5 Advanced Skills That All Soccer Defenders Should Learn
Basic skills will make you an effective defender on the field. But advanced skills will help take your game to the next level.
Here are 5 advanced skills that will help defenders take a big step forward in their development.
1. Proper covering positioning
Understand where you need to be standing if you are a secondary defender.
Typically, covering defenders are a few steps behind the primary defender and at an angle. You want to be close enough that you can step in and defend if the primary defender gets beat, but you want to be far enough away that the player can’t immediately get around you as well.
2. Which way to force a player
Your teammates should be verbally helping you decide which way to force your opponent to play. Typically, defenders want to force their players to the outside because this is further from the goal. They angle their bodies in such a way that makes their opponent play wide.
On occasion, you will want to force your player inside but this is only when you have another teammate that is coming to double-team the opponent. In this case, you would want to force them to turn into your teammate who is helping you defend.
It’s important to listen to and trust your teammates when they are giving directions.
3. Understanding when to slow the game down
If the opposing forwards aren’t pressuring you defensively and you have time to pass it around the backline, do it. This has to be done carefully because you don’t want to have a bad pass lead to a steal and breakaway.
Passing it around your backline can stretch the opposing forwards and tire them out. It also helps your midfielders and forwards have time to get up the field and into more dangerous positions to receive an eventual pass from you.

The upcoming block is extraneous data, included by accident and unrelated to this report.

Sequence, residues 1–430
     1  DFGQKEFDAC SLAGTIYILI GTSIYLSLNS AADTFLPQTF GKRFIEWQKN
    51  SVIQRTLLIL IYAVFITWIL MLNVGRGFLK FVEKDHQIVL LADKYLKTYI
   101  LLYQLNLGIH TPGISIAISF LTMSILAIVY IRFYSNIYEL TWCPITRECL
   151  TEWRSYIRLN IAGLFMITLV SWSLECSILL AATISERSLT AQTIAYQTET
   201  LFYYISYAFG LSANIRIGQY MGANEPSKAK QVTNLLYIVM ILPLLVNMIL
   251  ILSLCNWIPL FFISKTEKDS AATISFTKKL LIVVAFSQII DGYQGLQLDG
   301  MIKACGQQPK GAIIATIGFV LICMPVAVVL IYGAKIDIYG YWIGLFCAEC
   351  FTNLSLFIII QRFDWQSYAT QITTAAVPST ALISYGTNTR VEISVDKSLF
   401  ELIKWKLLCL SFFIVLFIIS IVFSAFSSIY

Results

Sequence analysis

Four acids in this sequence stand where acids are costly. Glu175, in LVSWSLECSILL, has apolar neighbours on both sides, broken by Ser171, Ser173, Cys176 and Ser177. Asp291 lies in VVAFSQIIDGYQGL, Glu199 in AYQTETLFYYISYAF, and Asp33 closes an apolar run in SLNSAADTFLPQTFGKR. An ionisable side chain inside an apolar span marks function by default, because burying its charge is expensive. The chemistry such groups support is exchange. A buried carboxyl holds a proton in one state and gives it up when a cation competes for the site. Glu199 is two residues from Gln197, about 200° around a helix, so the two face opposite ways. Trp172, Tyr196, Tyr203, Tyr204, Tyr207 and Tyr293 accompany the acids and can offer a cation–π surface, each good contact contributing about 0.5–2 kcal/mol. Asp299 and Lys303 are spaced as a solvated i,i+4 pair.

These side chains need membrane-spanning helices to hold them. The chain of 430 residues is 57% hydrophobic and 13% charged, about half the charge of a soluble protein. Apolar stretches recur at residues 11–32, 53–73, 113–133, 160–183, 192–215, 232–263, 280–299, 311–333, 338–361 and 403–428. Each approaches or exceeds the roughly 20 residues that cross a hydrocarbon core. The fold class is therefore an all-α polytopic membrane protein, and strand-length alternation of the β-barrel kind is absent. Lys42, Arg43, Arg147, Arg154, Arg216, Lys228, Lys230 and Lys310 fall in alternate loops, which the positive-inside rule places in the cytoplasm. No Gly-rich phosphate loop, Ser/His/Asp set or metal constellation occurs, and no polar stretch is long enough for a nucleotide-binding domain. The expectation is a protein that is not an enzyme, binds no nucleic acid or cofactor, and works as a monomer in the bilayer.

4. Delaying a player
This involves getting in front of an attacker who is coming at you with speed. You have to get in their way and slow them down without diving in.
It sounds simple enough but you need to have proper footwork along with the patience and poise to make it work. If you can delay your opponent properly, it will give your teammates a chance to recover and get into covering positions behind you.
5. Bodying a player off a ball or shielding
If a long ball is sent in towards your defense and it looks like it’s going to go out of bounds, it’s usually beneficial to let it go.
Bodying a player off the ball and guiding it as it goes out of bounds for either your teams’ throw in or a goal kick can relieve pressure on your backline. You have to be physically strong and functionally sound so as to not let the opponent get around you, get the ball, and get a cross off.
It’s best to bend your knees and keep your back straight up. You can put your arm out and feel for where the opponent is as well.